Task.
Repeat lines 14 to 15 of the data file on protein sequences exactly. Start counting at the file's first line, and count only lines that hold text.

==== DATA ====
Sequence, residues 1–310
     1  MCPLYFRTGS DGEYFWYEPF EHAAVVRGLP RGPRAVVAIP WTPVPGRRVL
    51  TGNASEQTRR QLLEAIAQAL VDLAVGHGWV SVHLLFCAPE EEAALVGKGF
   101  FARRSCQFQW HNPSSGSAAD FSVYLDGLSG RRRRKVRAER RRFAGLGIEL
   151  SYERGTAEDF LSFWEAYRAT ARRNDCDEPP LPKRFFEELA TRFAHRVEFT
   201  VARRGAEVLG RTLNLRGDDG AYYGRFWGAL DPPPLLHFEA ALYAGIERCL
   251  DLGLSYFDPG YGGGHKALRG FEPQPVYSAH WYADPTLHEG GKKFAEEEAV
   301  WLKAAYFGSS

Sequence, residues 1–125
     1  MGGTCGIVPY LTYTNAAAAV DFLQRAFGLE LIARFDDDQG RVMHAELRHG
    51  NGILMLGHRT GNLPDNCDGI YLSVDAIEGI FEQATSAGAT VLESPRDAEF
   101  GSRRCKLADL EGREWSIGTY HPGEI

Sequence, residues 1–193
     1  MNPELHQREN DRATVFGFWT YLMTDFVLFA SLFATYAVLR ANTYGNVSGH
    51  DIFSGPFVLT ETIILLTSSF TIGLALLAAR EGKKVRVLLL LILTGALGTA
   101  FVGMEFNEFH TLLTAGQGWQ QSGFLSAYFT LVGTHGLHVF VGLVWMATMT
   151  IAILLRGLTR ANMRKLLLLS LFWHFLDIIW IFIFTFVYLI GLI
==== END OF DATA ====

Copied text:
     1  MNPELHQREN DRATVFGFWT YLMTDFVLFA SLFATYAVLR ANTYGNVSGH
    51  DIFSGPFVLT ETIILLTSSF TIGLALLAAR EGKKVRVLLL LILTGALGTA